Key Highlights

  • Total market value in 2007 will be $34 billion, growing to $72 billion by 2015 as new revenue streams will enter this market after 2010.
  • Telstra has a 44% market share at retail value and a 70% market share at wholesale value. It dominates 95% of the market profits.
  • Annual growth for 2007 is estimated at 3%, dipping to just under that figure in 2008.
  • Data/broadband has the highest growth, at 11% – voice has the lowest (2%).
  • Voice revenue still has the largest share (37%) followed by mobile (34%)
  • The second-tier retail market is estimated at around $9 billion.
  • High-speed networks will be developed, despite the current Mexican standoff.
  • Internet media companies and globalisation are key drivers behind all future developments.
  • Social and economic issues are more important than individual telecoms issues – this means ongoing government involvement in the industry.
  • Infrastructure overbuild should only occur where it is economically viable, otherwise infrastructure needs to be shared. This will lead to structural separation between infrastructure and services.
  • VoIP and IPTV are likely to be dominated by web-based services from the Internet media companies, rather than by the telcos and ISPs.
  • Telstra will remain the key telecoms infrastructure provider in Australia, but it will be split into separate companies under pressure of the financial market to maximise the company’s values.
  • Competition will move away from the telcos and ISPs to the digital media companies.
  • The move from mobile data to wireless broadband (4G) will be slow (2010-2012).
  • In the meantime, voice – at premium prices to the operators – will remain the killer app on mobile networks.
  • Fixed mobile convergence will only take off once 4G networks are in place.
  • Regional telecoms will remain heavily dependent on good government policies.

This report provides high-level strategic analysis and forecasts in the telecommunications market, covering both fixed end wireless industries and markets and key new products and services. It identifies business opportunities, points out the hype and the pitfalls, and will be of assistance in making the right business decisions.

Further information provided:

  • Revenue forecasts of the Australian telecoms market, allowing for the customer’s own business planning.
  • Analysis of the business opportunities and pitfalls; identifying the product and market opportunities.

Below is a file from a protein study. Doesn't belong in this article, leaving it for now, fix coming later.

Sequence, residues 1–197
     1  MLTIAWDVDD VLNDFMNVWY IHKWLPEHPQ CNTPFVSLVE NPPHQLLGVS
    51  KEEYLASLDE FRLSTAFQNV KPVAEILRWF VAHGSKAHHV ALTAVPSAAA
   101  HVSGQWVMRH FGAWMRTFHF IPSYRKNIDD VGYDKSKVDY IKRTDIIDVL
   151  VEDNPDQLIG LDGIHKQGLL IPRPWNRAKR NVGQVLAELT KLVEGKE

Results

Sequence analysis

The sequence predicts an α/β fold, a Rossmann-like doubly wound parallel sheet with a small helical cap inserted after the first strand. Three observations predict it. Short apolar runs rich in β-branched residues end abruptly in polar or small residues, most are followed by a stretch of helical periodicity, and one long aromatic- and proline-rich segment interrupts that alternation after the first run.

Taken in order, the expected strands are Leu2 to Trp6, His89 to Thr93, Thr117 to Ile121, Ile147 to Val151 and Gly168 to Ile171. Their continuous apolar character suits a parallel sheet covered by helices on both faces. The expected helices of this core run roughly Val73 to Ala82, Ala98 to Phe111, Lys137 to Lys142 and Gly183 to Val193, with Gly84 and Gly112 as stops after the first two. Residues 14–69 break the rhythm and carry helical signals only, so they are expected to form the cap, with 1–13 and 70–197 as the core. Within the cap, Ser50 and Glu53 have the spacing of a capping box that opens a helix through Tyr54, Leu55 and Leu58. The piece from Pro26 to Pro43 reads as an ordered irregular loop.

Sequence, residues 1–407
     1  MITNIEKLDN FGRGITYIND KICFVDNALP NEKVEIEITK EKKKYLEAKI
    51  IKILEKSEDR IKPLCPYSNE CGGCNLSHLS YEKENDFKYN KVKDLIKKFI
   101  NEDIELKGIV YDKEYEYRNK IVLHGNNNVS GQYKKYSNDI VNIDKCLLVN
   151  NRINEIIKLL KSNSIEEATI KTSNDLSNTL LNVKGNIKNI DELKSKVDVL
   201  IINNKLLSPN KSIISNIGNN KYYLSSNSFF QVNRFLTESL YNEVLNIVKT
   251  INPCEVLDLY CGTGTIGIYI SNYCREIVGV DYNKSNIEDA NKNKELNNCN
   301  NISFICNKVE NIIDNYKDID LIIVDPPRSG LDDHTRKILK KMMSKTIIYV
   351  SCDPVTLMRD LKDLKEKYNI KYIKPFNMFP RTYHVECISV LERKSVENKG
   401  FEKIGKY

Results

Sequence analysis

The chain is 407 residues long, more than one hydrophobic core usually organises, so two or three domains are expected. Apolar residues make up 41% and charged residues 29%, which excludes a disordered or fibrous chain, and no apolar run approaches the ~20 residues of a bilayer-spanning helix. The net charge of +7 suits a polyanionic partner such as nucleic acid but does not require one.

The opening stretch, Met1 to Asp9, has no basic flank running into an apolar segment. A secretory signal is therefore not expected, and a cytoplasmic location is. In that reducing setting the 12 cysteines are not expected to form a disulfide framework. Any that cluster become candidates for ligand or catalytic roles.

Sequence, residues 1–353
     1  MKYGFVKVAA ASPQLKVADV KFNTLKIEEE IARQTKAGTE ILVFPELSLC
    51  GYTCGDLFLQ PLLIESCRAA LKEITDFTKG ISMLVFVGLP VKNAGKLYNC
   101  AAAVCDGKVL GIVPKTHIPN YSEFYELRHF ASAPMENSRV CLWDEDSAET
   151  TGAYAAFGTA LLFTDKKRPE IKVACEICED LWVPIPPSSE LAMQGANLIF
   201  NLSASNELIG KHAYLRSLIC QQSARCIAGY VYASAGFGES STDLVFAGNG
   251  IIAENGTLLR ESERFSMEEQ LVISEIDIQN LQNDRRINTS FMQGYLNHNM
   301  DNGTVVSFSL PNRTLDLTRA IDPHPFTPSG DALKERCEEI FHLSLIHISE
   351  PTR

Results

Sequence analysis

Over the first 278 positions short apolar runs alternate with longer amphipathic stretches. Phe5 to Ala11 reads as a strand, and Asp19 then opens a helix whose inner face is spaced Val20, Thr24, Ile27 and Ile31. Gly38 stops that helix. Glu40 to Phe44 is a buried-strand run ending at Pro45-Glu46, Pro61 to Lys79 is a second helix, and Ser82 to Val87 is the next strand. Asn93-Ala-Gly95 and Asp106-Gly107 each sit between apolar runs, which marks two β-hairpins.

• Analysis of the likely outcome of various scenarios, avoiding costly mistakes and making the right business decisions.
  • Why wireless broadband will be very slow to develop and what the opportunities are in the meantime.
  • The reality of the new infrastructure developments. They will take between 7 and 15 years to be fully deployed, so no hasty decisions, please.
  • Guidelines for policymakers in relation to national interest issues in telecoms infrastructure and digital media.

Data in this report is the latest available at the time of preparation and may not be for the current year.

Table of Contents

1.1Are you ready for 2008?
1.2Mexican stand-off
1.3Structural changes
1.7Corporate markets
1.8Industry environment
1.10The rest of the industry
1.11The market moving towards 2008
1.11.1Access to telecoms services
1.11.2Rapidly changing voice market
1.11.3Good news telco stories
1.11.4Regional telecommunications
1.11.5Digital media
1.12Customer service
2.1Total market
2.1.1By major provider
2.1.2By service
2.2Mobile market
2.32nd tier market
2.4Data and broadband market
3.1By markets
3.2By products
3.2.1Overall market
3.2.2Access market
3.2.3Voice market
3.3By industry
3.4Where to go from here?
4.1Let the ACCC do its job
4.2Yet another panel to investigate telecoms
4.3Minister in the firing line
4.4Precarious state of affairs
4.4.1Good old Aussie pork-barrelling
4.4.2New Telstra-Optus duopoly
4.4.3No innovations and competition
4.4.4Short-term political gains
4.4.5Why do we need broadband?
4.5At last - the T4 campaign
4.5.1The campaign
4.5.2Analysis and comments
4.6Back to the Dark Ages
4.7We are losing our telco focus
4.8ACCC needs to facilitate NGN industry workgroup